As easy as it is to compare DC and Marvel movies in reviews, it’s probably best to leave Shazam! out of the majority of comparisons, as it’s really got it’s own thing going on. Where DC have gone all-out in the past to unnecessarily darken even the lightest of their characters (Superman), quite likely in an effort to create needless depth and to keep up with Marvel, Shazam! maintains a lightness to it that allows comedy to take the lead while also giving depth to characters through multiple themes, mainly that of abandonment, bullying, the meaning of family, love and, of course, the seven deadly sins, amongst others. It’s almost like DC threw caution to the wind with this movie and went, ‘f**k it, let’s just have some fun’, finally. But not without some substance.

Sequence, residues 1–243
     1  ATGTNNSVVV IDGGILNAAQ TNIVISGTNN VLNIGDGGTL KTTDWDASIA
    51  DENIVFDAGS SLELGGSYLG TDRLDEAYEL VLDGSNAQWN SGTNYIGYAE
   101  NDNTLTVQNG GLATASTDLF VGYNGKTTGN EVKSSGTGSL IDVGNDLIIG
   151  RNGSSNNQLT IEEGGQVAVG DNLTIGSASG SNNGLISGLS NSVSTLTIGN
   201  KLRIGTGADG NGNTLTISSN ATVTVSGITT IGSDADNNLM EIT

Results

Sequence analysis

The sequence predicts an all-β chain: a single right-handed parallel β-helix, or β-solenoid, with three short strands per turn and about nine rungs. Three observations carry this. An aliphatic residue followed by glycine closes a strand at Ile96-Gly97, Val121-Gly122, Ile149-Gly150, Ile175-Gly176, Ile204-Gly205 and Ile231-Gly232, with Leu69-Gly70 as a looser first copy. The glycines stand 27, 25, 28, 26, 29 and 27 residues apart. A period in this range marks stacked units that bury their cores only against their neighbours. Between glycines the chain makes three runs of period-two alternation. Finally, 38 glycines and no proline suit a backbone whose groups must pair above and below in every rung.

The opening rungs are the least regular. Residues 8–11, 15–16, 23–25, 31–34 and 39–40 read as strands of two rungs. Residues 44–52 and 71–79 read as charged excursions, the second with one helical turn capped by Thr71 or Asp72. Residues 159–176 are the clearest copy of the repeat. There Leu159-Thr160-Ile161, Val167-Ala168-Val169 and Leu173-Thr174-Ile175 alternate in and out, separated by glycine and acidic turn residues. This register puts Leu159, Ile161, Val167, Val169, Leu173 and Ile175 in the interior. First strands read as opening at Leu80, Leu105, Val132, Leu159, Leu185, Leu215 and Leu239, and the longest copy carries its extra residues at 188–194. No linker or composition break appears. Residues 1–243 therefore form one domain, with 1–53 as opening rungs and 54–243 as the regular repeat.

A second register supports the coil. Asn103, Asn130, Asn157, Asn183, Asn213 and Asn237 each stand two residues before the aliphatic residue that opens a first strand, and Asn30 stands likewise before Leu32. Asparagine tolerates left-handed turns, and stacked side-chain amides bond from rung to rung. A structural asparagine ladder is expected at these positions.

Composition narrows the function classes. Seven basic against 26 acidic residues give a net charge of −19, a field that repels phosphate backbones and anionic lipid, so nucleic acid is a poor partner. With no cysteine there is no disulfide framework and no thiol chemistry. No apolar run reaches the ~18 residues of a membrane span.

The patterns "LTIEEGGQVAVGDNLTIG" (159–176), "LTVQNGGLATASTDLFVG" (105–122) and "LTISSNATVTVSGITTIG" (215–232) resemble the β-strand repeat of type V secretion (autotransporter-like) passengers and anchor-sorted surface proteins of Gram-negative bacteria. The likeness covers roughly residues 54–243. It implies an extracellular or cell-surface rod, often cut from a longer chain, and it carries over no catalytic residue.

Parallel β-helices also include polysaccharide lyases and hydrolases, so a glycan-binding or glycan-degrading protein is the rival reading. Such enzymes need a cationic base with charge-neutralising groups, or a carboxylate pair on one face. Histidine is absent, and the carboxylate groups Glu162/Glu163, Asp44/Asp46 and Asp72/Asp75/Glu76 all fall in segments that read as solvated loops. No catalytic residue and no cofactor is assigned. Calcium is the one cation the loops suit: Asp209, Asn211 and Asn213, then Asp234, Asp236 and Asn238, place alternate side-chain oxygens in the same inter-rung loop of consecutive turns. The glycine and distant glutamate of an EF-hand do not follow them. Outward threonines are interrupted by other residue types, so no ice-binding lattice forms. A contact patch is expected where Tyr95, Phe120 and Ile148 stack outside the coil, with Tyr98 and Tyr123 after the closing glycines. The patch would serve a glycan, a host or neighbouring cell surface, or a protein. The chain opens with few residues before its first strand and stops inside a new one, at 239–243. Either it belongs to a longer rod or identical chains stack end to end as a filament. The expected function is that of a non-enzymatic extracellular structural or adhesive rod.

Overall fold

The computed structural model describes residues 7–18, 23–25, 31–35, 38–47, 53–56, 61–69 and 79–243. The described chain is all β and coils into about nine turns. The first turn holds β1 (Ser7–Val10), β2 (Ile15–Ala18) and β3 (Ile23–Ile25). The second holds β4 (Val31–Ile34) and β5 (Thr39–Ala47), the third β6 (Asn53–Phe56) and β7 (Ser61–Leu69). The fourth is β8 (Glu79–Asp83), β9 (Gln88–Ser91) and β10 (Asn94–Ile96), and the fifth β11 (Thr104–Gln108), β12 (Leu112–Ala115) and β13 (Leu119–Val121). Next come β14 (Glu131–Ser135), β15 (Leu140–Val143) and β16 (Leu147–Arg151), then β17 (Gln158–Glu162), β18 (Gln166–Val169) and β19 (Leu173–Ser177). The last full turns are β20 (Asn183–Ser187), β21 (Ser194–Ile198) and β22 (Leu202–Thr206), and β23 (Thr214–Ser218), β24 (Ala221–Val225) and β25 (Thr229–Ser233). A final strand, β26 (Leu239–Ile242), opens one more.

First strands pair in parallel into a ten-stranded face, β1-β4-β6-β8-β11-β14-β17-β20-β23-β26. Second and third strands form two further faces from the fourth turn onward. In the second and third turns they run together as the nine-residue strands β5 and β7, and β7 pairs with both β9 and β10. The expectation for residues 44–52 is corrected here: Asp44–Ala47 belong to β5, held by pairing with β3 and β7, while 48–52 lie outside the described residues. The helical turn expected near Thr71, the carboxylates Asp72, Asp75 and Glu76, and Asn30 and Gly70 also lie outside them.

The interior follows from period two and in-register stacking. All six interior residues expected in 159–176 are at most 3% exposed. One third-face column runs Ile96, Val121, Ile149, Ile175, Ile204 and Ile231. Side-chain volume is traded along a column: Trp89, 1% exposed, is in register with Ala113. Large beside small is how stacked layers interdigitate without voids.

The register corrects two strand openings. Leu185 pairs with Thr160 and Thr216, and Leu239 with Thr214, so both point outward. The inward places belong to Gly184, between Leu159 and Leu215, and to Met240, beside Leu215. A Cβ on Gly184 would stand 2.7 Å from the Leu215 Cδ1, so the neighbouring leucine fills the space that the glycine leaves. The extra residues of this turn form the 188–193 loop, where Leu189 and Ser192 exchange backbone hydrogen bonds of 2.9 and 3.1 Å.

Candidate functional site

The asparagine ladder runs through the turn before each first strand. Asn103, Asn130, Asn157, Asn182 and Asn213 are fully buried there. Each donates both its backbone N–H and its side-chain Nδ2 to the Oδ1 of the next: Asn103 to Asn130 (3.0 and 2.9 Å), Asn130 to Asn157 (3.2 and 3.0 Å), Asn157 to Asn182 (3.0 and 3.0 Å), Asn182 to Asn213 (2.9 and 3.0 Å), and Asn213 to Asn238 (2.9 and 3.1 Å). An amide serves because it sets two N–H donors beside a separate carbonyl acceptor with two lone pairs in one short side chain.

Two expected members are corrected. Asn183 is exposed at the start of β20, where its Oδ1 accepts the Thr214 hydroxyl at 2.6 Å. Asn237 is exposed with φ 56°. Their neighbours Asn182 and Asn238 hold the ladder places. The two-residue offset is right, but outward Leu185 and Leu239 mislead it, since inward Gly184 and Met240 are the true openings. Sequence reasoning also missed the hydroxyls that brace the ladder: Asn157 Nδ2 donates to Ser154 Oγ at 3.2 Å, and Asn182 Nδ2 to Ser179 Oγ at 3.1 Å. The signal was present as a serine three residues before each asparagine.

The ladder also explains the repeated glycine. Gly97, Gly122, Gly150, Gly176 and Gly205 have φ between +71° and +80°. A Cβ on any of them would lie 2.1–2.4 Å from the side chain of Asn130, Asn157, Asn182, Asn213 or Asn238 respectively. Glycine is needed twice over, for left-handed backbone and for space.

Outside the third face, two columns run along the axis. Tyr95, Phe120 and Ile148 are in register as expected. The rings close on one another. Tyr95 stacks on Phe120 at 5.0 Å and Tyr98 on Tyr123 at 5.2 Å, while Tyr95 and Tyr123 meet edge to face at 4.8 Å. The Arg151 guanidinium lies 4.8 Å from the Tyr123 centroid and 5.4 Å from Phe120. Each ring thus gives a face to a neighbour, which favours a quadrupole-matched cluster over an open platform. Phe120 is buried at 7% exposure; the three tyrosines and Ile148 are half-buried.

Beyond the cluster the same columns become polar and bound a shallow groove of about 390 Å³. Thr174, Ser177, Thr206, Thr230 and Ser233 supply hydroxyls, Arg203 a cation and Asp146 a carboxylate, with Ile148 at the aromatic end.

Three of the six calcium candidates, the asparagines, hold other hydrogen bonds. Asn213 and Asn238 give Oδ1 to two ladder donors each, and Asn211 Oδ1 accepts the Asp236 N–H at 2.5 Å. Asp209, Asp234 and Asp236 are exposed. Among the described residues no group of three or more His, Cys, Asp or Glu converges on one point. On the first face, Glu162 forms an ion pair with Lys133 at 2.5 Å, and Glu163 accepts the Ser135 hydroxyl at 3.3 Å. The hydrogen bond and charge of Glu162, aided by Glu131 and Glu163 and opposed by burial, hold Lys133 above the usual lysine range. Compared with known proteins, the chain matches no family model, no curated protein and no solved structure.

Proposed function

The beginning of the story itself is a little confusing. Unless you’re familiar with the comics already and/or surrounding characters, it’s all kind of thrust upon audiences from the off, with nary a moment to go ‘wait, what!?’. If Shazam! didn’t come from a long comic-book history, then it would be far easier to shrug this off as a loose plotline with a hurried backstory. If there was to be an MCU comparison, it’s that, in true DCEU style, the origin story has been rushed, with no time to really build a character and gain much in the way of audiences’ empathy and support. The themes, as previously mentioned, do help to bring us onboard, but we’re not going to feel as tight with these characters as we were with, say, Tony Stark after Iron Man or Steve Rogers after Captain America: The First Avenger, or even Clark Kent after Superman: The Movie or Bruce Wayne after Batman Begins, as their stories were written and built far more eloquently. This could all change, as we don’t really know DC’s full plans for the character beyond Black Adam as a sequel, but it would be very difficult to bet on Shazam as a character going as far as Iron Man, Captain America, Superman or Batman.